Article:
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Subject:(long) Resumes: making the first cut From:John Gough <john -at- ATRIUM -dot- COM> Date:Mon, 13 Jun 1994 11:56:42 CDT
My take on resume strategies:
--> Function vs. Chronological
Functional resumes are OK, but they *must* be accompanied by a
chronological summary. Most functional resumes that I have seen
aren't very good.
My complaints: the categories are often too broad or beside the point,
especially once you venture beyond mechanical things like OS
experience and tools experience. I like to see annotations that
explain the context of the experience, especially the length of time,
scope and size where relevant, and level of responsibility. My own
resume is chronological only, though I have toyed with the idea of
adding a functional summary, possibly as a separate document.
Beware of presenting too much: if a functional resume has a majority
of functionality in categories that I don't care about, then I assume
that the person's first interest and best talent is not in my
kind of work.
Functional resumes are particularly useful for pointing out to a
potential employer that you have relevant experience, if not a history
of similar job titles. Implicit in this strategy is that you're
applying for a junior level position. It's going to be hard to cross
careers into a senior position.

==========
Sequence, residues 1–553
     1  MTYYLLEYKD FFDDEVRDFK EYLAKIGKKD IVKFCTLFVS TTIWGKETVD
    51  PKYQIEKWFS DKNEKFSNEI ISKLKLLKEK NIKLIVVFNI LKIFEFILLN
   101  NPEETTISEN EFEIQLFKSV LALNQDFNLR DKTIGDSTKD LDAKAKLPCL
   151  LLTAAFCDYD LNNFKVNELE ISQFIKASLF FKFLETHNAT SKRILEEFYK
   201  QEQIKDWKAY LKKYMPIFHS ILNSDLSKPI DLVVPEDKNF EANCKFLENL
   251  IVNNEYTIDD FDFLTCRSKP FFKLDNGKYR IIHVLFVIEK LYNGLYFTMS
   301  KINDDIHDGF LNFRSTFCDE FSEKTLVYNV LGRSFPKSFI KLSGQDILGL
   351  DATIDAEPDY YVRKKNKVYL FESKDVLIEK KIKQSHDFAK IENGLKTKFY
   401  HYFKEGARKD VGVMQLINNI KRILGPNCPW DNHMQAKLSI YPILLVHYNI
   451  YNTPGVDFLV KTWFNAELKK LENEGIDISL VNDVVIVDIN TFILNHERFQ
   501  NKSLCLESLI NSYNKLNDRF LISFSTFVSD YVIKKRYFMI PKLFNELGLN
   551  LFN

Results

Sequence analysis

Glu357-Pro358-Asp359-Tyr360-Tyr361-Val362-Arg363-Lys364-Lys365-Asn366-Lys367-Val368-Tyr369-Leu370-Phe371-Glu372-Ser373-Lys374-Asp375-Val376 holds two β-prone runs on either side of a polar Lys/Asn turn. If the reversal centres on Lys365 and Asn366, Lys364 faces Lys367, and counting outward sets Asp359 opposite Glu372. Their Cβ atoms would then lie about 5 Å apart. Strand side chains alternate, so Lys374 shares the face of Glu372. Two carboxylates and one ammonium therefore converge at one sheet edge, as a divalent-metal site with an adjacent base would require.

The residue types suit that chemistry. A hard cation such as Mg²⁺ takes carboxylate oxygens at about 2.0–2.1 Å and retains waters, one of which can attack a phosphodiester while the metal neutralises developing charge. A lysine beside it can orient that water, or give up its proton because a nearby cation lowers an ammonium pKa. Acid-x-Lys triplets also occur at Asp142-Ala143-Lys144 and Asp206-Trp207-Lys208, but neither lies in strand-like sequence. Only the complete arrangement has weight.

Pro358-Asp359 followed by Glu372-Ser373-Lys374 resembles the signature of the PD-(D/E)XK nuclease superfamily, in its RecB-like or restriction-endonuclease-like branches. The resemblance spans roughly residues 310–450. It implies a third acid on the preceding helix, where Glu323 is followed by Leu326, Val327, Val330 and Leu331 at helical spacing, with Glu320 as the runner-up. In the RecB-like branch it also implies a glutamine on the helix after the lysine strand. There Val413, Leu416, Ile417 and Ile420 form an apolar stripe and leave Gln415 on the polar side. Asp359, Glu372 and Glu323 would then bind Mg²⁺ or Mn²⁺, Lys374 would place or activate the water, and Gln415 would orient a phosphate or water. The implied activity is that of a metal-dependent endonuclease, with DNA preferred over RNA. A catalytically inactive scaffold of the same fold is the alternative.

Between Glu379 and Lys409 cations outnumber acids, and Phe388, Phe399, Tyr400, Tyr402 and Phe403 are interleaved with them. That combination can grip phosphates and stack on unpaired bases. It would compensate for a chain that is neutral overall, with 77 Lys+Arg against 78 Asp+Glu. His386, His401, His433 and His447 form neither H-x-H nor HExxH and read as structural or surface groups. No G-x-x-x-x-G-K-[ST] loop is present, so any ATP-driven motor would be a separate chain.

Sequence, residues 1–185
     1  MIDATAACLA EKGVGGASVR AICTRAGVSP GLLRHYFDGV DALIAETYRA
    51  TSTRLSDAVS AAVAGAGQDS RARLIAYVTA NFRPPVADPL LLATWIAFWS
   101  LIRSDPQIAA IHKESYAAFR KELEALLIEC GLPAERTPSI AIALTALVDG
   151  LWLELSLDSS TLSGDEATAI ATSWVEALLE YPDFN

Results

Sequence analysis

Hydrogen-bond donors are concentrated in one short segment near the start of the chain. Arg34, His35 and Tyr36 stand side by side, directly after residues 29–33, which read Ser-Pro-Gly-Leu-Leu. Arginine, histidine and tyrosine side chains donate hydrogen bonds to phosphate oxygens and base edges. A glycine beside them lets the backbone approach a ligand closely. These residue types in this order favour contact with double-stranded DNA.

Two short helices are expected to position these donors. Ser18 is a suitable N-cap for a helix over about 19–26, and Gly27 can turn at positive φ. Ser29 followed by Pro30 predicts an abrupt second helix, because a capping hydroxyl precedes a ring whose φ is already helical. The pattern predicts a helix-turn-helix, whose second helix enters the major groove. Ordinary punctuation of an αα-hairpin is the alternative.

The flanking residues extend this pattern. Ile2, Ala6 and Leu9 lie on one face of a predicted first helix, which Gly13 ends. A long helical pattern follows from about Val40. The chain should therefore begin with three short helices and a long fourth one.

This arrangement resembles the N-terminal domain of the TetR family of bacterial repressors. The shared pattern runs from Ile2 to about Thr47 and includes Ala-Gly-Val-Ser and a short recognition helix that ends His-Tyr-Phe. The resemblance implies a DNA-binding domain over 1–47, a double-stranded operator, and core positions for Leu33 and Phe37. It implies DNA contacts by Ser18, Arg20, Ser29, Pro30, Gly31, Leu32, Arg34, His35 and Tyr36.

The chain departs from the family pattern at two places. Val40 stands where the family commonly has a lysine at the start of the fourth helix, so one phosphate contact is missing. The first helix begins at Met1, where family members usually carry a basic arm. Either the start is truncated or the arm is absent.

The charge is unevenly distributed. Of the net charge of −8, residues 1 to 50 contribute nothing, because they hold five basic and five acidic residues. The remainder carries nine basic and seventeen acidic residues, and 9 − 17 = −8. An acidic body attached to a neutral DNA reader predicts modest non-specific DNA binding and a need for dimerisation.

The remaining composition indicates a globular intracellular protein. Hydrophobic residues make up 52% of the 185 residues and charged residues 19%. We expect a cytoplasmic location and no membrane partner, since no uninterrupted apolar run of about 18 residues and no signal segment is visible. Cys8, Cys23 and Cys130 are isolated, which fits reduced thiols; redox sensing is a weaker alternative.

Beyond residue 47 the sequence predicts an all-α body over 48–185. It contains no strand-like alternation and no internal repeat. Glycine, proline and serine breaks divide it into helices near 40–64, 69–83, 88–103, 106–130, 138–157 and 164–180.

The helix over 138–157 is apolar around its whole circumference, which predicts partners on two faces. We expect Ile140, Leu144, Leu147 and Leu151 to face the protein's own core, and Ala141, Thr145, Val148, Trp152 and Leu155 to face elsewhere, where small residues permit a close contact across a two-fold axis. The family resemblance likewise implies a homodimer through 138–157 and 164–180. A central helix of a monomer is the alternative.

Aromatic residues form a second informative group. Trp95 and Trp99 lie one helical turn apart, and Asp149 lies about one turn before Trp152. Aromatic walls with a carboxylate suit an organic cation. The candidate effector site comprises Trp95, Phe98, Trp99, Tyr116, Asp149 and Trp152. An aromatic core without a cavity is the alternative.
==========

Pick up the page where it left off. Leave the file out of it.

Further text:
--> Deadly Typos
I don't automatically trash a resume based on a single typo,
especially if it's in the cover letter. My higher tolerance is at
least partially the result of working for someone who had no tolerance
for even one. Generally there are lots of other distinguishing
factors: quality of writing, good match of experience, and so on. I
*have* seen resumes that cross even my threshold--multiple errors, bad
grammar, poor word choice, misuse of industry terminology.
--> Fonts, Design, Etc.
Skip the fancy fonts and graphics. Show good organization and
design. Cite facts. Talk short talk. My pet peeve is resume design
that uses page-width columns. There are too many good alternatives.
FWIW, research says optimal width is 1.5 to 2.5 alphabets, depending
on leading. I also don't like intensifiers--"*very* good impacting
skills". I appreciate emphasis in the cover letter that makes it easy
for me to determine that the candidate has at least the qualities that
we ask for in the ad.
Making the First Cut
When I'm hiring people to write software manuals, people who have
written software manuals before have a major advantage over marketing
writers, journalists, hardware writers, MIL-spec writers, ANSI-9000
writers, trainers, literary editors, and so on.
My obligation to my employer is to hire the best person for the job,
and we're usually in a hot rush to do it. People who have to adjust
to a new type of work experience are probably a liability. I have
sympathy for good people who are trying to change careers, but if
they're *really* good they're probably not relying only on resumes.
Personal contact (networking) can get you over that hump.
John Gough john -at- atrium -dot- com
Principal Technical Writer voice (512) 328-6977
Atrium Technologies fax (512) 328-2789